The Bottom Line: Is Your Boss Spying On You?


Most companies nowadays have gone or are going through adigital transformation, making technology an inextricable part of theiremployees daily tasks. As companies make that shift however, a new digitalethos is emerging as well.

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One of the main areas that employees are often concerned about is how closely their work is monitored and tracked on company workstations. Recently Wired magazine published a brief expose that highlighted the potential for misuse of employee monitoring software and how invasive it could be.

What needs to be made clear however is that in the majority of cases employee monitoring software is not intended to ‘spy’ on employees. Instead companies see it is a way to:

  • Avoid data breaches that are intentionally or unintentionally caused by employees. A significant percentage of such breaches are caused by unauthorized software that make its way onto company workstations via file downloads or transfers, and employee monitoring software can help prevent that.
  • Comply with privacy and data protection laws that increasingly require companies to take steps to prevent both external and internal misuse of user data. By using employee monitoring software, companies can track activities that could lead to potential misuse of the data and protect it more effectively.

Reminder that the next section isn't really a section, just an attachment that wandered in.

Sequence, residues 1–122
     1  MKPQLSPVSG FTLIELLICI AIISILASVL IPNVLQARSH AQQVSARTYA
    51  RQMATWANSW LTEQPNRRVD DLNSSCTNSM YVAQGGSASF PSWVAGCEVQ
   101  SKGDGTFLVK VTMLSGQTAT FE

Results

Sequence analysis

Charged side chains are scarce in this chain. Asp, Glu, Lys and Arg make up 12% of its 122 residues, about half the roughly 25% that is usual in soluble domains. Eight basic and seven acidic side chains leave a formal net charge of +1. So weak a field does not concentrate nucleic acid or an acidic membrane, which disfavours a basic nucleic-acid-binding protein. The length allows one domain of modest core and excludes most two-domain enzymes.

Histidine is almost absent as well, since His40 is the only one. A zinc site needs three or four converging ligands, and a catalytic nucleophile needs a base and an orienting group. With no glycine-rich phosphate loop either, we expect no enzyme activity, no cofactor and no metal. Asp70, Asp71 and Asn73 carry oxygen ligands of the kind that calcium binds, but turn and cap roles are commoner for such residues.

• Improve efficiency and productivity by galvanizing commitment with the oversight that monitoring can provide. The data from monitoring software can be used to suggest improvements, optimize processes, and avoid unwanted distractions.

In short there are numerous very legitimate reasons why employee monitoring is not only beneficial – but necessary. As far as whether or not you need to be concerned that your boss is ‘spying’ on you – it all boils down to a question of how the monitoring is carried out.

Avoiding Misuse and Misunderstandings

The key is to avoid misuse of monitoring software to the point where it intrudes on the privacy of employees. Potential misunderstandings regarding the role that monitoring software plays should also be avoided.

That can be accomplished with a policy that outlines how the company expects its workstations and internet to be utilized, along with any relevant restrictions. The policy should also cover the monitoring that employees can expect, and the reasons for remote computer monitoring.

As a case in point, if WorkExaminer is being used as an internet monitoring software, employees should be made aware how it is being used. The exact ways in which it will track their online activity should be detailed, and the reason why that tracking is necessary.

Make no mistake the features in WorkExaminer are comprehensive and will enable companies to monitor the time spent on websites, record screenshots or keystrokes, block websites, track file transfers, search emails, and more. However how each company opts to use the features that are available may differ.

If the features are misused to invasively track employees and all their online activities, employee monitoring software WorkExaminer may be viewed as spying. However if employees are informed clearly in advance regarding what activities will be monitored, and why – it won’t be viewed as spying.

In short you should be able to see how monitoring employee activities with WorkExaminer can be misconstrued, and why it is important to avoid any misunderstanding. The last thing that employees want is to feel like they are being ‘spied’ on, and that should be the last thing that companies want as well.